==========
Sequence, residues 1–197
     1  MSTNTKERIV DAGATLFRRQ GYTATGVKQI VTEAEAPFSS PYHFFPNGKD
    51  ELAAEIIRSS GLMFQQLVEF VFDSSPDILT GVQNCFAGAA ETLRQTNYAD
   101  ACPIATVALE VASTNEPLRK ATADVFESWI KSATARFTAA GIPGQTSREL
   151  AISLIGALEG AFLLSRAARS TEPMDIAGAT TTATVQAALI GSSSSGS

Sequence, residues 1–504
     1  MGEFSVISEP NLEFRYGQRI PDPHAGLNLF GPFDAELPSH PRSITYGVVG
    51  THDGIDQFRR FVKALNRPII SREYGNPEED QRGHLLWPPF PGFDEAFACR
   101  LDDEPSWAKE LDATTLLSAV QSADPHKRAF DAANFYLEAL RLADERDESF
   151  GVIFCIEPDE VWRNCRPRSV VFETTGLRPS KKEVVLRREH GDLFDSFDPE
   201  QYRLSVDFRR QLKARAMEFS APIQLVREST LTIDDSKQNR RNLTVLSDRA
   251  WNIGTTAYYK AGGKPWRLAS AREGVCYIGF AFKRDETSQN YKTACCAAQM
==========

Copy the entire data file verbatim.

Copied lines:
Sequence, residues 1–197
     1  MSTNTKERIV DAGATLFRRQ GYTATGVKQI VTEAEAPFSS PYHFFPNGKD
    51  ELAAEIIRSS GLMFQQLVEF VFDSSPDILT GVQNCFAGAA ETLRQTNYAD
   101  ACPIATVALE VASTNEPLRK ATADVFESWI KSATARFTAA GIPGQTSREL
   151  AISLIGALEG AFLLSRAARS TEPMDIAGAT TTATVQAALI GSSSSGS

Sequence, residues 1–504
     1  MGEFSVISEP NLEFRYGQRI PDPHAGLNLF GPFDAELPSH PRSITYGVVG
    51  THDGIDQFRR FVKALNRPII SREYGNPEED QRGHLLWPPF PGFDEAFACR
   101  LDDEPSWAKE LDATTLLSAV QSADPHKRAF DAANFYLEAL RLADERDESF
   151  GVIFCIEPDE VWRNCRPRSV VFETTGLRPS KKEVVLRREH GDLFDSFDPE
   201  QYRLSVDFRR QLKARAMEFS APIQLVREST LTIDDSKQNR RNLTVLSDRA
   251  WNIGTTAYYK AGGKPWRLAS AREGVCYIGF AFKRDETSQN YKTACCAAQM